Translation: Pepijn Boomgaard, Sato Mariko
What is the “ideal Kamae” for you? What kind of Kamae will put pressure on the opponent and improve your performance in a match or an exam?
In this article, Uehara (7th Dan), who has achieved brilliant results since his student days and is still active as a player, talks about the “3 requirements of an ideal Kamae”.
Uehara Yuji (7th Dan)
Born in Fukuoka Prefecture, Japan in 1981. After graduating from Fukudai Ohori High School, he went to Chuo University and joined FUJIFILM Business Innovation Corp. His achievements include winning the All Japan Businessmen’s Kendo Tournament once and the Kanto Businessmen’s Kendo Tournament five times. He has long been involved in coaching students at his alma mater, Chuo University.
Enrich your Ki (spirit) in the Tanden by Kiai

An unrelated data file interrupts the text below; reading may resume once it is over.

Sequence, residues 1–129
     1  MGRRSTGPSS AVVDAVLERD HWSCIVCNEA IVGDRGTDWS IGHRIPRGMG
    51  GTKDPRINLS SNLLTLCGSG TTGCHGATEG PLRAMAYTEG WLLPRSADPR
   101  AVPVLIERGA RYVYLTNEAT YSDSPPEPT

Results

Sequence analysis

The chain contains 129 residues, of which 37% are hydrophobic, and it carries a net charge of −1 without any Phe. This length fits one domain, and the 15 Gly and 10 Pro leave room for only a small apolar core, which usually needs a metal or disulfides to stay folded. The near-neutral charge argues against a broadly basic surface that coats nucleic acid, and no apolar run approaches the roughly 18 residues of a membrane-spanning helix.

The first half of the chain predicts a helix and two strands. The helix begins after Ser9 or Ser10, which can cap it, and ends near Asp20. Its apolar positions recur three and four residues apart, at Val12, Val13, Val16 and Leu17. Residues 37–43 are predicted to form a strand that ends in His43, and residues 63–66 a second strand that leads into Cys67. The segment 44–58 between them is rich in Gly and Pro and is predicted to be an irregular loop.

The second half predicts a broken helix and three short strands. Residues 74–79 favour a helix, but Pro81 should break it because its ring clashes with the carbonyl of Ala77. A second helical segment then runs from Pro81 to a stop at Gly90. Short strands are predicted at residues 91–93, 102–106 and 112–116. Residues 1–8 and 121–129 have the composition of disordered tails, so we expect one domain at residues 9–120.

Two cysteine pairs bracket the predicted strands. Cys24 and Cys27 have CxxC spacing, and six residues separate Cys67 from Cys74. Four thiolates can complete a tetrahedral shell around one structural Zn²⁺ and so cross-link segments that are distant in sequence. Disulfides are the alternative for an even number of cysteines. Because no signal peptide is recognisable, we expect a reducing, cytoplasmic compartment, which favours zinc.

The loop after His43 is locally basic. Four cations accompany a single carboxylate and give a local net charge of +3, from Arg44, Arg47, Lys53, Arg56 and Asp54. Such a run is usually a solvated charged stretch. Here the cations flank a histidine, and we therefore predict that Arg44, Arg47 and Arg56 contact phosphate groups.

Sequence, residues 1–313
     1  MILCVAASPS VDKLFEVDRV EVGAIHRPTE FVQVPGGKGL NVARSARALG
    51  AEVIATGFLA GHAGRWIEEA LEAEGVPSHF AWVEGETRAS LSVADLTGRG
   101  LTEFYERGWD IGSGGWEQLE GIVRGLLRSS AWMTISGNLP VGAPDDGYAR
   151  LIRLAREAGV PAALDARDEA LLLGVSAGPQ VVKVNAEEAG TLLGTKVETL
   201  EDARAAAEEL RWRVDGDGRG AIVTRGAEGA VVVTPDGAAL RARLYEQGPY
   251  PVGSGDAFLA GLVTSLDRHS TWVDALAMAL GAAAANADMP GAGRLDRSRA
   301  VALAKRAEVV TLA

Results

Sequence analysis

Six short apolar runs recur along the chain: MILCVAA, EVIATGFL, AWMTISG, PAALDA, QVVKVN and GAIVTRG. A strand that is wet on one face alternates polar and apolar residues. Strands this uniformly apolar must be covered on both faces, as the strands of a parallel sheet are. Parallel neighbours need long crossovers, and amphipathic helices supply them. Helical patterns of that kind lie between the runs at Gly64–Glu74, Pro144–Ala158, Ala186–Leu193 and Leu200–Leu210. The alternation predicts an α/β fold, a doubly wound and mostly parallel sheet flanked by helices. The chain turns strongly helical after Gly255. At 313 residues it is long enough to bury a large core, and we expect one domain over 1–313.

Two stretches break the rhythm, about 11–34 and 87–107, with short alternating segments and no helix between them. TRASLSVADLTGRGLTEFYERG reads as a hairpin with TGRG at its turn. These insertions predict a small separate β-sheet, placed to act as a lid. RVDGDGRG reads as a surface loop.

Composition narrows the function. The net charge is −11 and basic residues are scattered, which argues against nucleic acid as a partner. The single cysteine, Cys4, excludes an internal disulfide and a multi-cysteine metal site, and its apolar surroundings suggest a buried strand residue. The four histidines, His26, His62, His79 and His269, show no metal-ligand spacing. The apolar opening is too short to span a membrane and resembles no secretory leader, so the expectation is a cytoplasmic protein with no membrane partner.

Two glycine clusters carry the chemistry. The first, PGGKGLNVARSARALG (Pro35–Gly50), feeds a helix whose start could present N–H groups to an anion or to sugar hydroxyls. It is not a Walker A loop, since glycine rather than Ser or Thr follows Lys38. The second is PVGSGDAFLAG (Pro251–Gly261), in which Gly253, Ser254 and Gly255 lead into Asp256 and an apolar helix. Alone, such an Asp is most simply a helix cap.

Based on my experience as a player and instructor, the following three points come to mind when I think of the ideal Kamae.
(1) The Tanden is filled with Ki.
(2) Both shoulders are relaxed (the shoulders are lowered), but you can respond instantly to the opponent (you can strike immediately)
(3) With (1) and (2), the tip of the Shinai exerts pressure on the opponent.
I have been involved in teaching Kendo to students for a long time and have seen many different students’ Kamae, and these three points are common among the strong players.
(1) is not only related to good Kamae, but to all aspects of Kendo. Even if one understands the concept of enriching one’s Ki in the Tanden by feeling, few people seem to be able to explain and put it into practice.
In student Kendo, I have seen the following case many times. When the opponent is better than you, one can naturally fill their Tanden with Ki. However, when the opponent’s ability is inferior to oneself, it is difficult to create a state of full Ki and one is unable to exert one’s strength as they would like. The person himself wonders, “I’m not in bad shape, but….”
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